An estimated 100 million American homes will put up a Christmas tree this holiday season. Of those trees, draped, decorated, and lit, about 81 percent will be artificial and 19 percent will be real, which means that 19 million coniferous trees are coming indoors. These trees will be beautiful and smell beautiful, but then they will become a hassle. Disposing of real trees is a pain — unless you eat them.
This has to be done strategically because not all Christmas trees are alike. According to the National Christmas Tree Association, Christmas trees typically are a fir, spruce, cypress, cedar, or pine tree. If you’re going into Christmas with the M.O. ultimately dining on your tree, you should purchase a white pine. This is the optimal Christmas tree to eat, giving you the most bank for your buck.
Pine trees also seem to be the favorite tree to eat by preppers and survivalists. This is largely because the white pine, latin name Pinus Strobus, is rich in vitamin C. You can get your intake of Christmas tree vitamin C by munching on the tree’s inner bark or brewing a tea with its needles.
To make this tea all you really need is grab a bunch of needles, dice them up as fine as possible, then throw them in some boiling water. Let it all boil for a couple minutes; the water will soon turn into a light yellow color. And viola! You’ve made tea from your Christmas tree and you’ve lessened your chance of developing scurvy.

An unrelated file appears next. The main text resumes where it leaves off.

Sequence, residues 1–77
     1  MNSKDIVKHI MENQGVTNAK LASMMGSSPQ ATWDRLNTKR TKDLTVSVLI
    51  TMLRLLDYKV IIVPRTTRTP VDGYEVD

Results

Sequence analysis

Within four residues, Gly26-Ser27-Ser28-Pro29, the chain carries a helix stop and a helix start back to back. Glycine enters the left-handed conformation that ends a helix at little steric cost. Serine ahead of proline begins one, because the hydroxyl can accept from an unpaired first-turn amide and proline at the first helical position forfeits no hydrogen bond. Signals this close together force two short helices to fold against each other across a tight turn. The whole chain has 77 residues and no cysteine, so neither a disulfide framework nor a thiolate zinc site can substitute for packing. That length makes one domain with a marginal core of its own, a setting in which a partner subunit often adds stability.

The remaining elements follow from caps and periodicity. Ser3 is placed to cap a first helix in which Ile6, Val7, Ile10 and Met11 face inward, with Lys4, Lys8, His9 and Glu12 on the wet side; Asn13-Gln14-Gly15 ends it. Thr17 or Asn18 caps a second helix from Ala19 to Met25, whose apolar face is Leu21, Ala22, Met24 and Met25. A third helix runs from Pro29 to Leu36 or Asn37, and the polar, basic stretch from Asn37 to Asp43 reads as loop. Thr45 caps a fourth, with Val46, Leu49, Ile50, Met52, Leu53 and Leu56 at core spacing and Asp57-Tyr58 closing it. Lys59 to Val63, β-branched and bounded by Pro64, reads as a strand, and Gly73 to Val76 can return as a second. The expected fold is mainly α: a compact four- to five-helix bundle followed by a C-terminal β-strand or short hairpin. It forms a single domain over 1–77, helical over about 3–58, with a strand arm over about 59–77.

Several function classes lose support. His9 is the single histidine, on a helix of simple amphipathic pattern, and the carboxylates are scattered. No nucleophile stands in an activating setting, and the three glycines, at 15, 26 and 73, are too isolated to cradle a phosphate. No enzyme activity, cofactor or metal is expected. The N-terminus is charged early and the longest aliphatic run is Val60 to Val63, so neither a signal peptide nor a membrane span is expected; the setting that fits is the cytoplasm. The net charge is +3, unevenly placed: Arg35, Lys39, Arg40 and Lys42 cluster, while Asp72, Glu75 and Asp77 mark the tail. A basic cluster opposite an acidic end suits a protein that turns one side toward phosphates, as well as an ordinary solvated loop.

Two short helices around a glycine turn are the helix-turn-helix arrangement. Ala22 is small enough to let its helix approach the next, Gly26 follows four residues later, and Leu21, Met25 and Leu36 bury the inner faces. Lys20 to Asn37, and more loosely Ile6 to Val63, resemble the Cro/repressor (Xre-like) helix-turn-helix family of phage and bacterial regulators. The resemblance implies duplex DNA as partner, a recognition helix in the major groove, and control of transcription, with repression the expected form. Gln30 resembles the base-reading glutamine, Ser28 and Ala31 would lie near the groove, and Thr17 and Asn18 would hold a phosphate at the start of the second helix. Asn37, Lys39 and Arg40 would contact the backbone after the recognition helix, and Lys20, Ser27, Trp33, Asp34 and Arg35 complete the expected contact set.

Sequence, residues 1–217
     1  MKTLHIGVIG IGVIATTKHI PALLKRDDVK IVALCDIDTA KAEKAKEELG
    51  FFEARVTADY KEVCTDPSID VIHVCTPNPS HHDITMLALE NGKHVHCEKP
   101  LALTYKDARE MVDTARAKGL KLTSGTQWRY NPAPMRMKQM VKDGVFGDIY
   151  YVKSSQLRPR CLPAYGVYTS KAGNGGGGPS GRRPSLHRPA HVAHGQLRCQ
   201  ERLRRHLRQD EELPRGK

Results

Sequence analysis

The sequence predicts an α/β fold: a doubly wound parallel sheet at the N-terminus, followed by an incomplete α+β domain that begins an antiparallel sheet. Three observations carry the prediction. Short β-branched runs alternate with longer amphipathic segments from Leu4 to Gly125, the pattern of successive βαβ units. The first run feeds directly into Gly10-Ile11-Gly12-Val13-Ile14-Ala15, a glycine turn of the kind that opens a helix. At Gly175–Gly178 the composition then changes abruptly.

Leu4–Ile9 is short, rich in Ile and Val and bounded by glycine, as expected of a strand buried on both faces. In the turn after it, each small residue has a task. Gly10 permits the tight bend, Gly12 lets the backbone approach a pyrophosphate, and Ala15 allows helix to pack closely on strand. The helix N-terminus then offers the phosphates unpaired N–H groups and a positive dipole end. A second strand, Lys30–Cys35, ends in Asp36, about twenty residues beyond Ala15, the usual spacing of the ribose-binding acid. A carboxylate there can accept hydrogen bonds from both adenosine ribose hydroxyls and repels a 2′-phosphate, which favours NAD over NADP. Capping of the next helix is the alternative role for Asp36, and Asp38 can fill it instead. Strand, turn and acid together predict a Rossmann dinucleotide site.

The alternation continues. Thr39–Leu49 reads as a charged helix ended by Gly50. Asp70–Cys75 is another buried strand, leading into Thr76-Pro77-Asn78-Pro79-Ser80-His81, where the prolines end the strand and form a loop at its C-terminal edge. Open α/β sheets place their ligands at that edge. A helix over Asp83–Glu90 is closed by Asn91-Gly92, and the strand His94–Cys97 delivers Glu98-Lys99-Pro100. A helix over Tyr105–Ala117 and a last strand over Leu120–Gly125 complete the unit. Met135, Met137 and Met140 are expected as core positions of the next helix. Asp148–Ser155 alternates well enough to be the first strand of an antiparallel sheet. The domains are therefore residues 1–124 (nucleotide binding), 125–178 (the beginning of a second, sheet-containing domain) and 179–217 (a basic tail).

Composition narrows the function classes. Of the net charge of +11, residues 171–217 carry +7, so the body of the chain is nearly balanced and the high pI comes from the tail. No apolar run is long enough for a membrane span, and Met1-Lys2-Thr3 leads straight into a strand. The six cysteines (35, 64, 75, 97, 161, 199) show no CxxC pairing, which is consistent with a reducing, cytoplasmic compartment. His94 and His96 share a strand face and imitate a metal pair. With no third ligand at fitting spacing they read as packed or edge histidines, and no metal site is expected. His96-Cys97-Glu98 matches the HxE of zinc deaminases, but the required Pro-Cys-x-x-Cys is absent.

Getting to and dining on the inner bark of the tree is a bit more difficult. An important note for this part is, if you didn’t get a pine tree as your Christmas tree this year, surprise! You can actually eat the inner bark of most trees, so you could turn your spruce or fir into a bark-snack as well. The advantage of the pine tree, however, is that it’s phloem — the innermost layer of bark — contains Vitamin C. But all inner bark has nutrients beneficial to anyone willing to put in the effort and strip it from the tree.
The tree’s inner bark consists of second and third layers beneath a crunchy shell. This layer of phloem and cambium cells, which are edible, protect the wood of the trunk. These layers have also historically protected bellies — there is documented evidence of indigenous people around the world who have used bark as a food source.
Inner bark can be eaten fresh, dried, or roasted. If dined on fresh, it’s said to have a “sweetness and texture” of fresh coconut meat. For a finer dining experience, frying it in oil or butter to make bark jerky or roasting it to make crouton-like toppings is probably the way to go.. At case can also be made for slicing the bark into strips, boiling it, and making a rustic pasta.
Another thing you can do is grind down bark to use as a stew thickener or mix it into flour for baked goods. The Sami, the indigenous people of Scandinavia, added grounded pine bark to flour as an extender to make it last longer. And according to the Nordic Food Lab, not only does pine extend the shelf life of flours, it also adds a “distinctive warm, woody scent” with a dash of antimicrobial properties. The lab offers it’s own recipe for pine bark cookies here.
A final thing you can munch on are spruce tips — you can find these on evergreen trees like spruce and pine. Sure, these usually only pop up around spring but maybe you’ll get lucky with your tree. Spruce tips are the soft bits at the end of a branch. One thing you can do is harvest the tips when they are a nice lime green, put them in water and sugar, and make simple syrup. Or you can just straight up eat the tender bundles, either plain or candied.
And remember, you can also eat your dog.